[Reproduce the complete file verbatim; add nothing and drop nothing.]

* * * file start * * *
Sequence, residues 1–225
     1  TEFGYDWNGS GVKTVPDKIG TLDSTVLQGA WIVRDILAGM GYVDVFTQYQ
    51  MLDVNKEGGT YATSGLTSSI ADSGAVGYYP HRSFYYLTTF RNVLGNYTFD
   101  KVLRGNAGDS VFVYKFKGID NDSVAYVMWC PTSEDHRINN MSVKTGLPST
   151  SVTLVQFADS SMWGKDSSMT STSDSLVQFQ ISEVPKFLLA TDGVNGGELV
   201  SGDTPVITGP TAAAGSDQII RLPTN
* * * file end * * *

Sequence, residues 1–225
     1  TEFGYDWNGS GVKTVPDKIG TLDSTVLQGA WIVRDILAGM GYVDVFTQYQ
    51  MLDVNKEGGT YATSGLTSSI ADSGAVGYYP HRSFYYLTTF RNVLGNYTFD
   101  KVLRGNAGDS VFVYKFKGID NDSVAYVMWC PTSEDHRINN MSVKTGLPST
   151  SVTLVQFADS SMWGKDSSMT STSDSLVQFQ ISEVPKFLLA TDGVNGGELV
   201  SGDTPVITGP TAAAGSDQII RLPTN